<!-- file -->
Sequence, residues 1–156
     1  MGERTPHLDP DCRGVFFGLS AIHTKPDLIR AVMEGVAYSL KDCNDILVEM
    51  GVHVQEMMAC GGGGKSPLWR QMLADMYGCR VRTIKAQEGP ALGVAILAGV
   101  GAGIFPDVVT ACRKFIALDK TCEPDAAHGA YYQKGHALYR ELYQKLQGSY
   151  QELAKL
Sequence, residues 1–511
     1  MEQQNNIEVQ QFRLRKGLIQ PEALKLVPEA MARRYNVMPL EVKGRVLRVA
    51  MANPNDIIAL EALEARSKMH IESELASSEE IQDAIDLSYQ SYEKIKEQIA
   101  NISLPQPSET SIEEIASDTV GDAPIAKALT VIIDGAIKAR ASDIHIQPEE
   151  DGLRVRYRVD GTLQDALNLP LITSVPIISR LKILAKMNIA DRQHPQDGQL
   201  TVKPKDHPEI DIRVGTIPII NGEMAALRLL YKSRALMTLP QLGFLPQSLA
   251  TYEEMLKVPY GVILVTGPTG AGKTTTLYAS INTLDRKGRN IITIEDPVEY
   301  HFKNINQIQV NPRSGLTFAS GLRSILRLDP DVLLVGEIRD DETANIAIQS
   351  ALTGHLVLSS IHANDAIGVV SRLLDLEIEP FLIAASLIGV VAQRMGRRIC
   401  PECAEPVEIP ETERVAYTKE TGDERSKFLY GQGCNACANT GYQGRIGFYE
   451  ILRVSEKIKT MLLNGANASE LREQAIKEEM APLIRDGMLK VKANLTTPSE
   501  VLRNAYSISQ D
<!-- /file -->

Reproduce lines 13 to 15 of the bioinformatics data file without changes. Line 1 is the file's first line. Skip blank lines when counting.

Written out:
   301  HFKNINQIQV NPRSGLTFAS GLRSILRLDP DVLLVGEIRD DETANIAIQS
   351  ALTGHLVLSS IHANDAIGVV SRLLDLEIEP FLIAASLIGV VAQRMGRRIC
   401  PECAEPVEIP ETERVAYTKE TGDERSKFLY GQGCNACANT GYQGRIGFYE